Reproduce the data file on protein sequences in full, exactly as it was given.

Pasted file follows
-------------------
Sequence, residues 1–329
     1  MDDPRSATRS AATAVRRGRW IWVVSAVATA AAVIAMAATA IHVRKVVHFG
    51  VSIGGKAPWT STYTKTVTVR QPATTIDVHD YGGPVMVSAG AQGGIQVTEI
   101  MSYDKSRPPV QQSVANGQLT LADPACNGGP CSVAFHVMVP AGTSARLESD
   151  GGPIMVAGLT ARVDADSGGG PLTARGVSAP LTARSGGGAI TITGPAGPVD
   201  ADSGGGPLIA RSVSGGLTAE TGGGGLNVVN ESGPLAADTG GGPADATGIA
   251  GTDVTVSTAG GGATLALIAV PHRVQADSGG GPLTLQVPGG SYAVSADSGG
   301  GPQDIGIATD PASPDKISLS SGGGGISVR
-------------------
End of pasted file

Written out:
Sequence, residues 1–329
     1  MDDPRSATRS AATAVRRGRW IWVVSAVATA AAVIAMAATA IHVRKVVHFG
    51  VSIGGKAPWT STYTKTVTVR QPATTIDVHD YGGPVMVSAG AQGGIQVTEI
   101  MSYDKSRPPV QQSVANGQLT LADPACNGGP CSVAFHVMVP AGTSARLESD
   151  GGPIMVAGLT ARVDADSGGG PLTARGVSAP LTARSGGGAI TITGPAGPVD
   201  ADSGGGPLIA RSVSGGLTAE TGGGGLNVVN ESGPLAADTG GGPADATGIA
   251  GTDVTVSTAG GGATLALIAV PHRVQADSGG GPLTLQVPGG SYAVSADSGG
   301  GPQDIGIATD PASPDKISLS SGGGGISVR